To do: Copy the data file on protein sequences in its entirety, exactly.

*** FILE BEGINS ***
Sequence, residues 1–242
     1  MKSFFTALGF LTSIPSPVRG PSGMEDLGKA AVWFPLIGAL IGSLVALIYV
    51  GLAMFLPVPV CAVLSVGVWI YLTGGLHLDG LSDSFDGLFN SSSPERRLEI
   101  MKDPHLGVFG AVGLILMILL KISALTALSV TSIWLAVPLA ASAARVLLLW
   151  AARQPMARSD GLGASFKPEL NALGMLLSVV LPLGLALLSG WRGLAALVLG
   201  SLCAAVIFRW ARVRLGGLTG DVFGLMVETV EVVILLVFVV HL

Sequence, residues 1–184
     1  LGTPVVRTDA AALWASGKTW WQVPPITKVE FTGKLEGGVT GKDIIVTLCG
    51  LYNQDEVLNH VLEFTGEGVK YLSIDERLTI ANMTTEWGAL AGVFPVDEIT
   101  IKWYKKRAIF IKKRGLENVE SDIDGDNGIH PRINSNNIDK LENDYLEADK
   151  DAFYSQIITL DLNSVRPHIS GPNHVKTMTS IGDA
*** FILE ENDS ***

Sequence, residues 1–242
     1  MKSFFTALGF LTSIPSPVRG PSGMEDLGKA AVWFPLIGAL IGSLVALIYV
    51  GLAMFLPVPV CAVLSVGVWI YLTGGLHLDG LSDSFDGLFN SSSPERRLEI
   101  MKDPHLGVFG AVGLILMILL KISALTALSV TSIWLAVPLA ASAARVLLLW
   151  AARQPMARSD GLGASFKPEL NALGMLLSVV LPLGLALLSG WRGLAALVLG
   201  SLCAAVIFRW ARVRLGGLTG DVFGLMVETV EVVILLVFVV HL

Sequence, residues 1–184
     1  LGTPVVRTDA AALWASGKTW WQVPPITKVE FTGKLEGGVT GKDIIVTLCG
    51  LYNQDEVLNH VLEFTGEGVK YLSIDERLTI ANMTTEWGAL AGVFPVDEIT
   101  IKWYKKRAIF IKKRGLENVE SDIDGDNGIH PRINSNNIDK LENDYLEADK
   151  DAFYSQIITL DLNSVRPHIS GPNHVKTMTS IGDA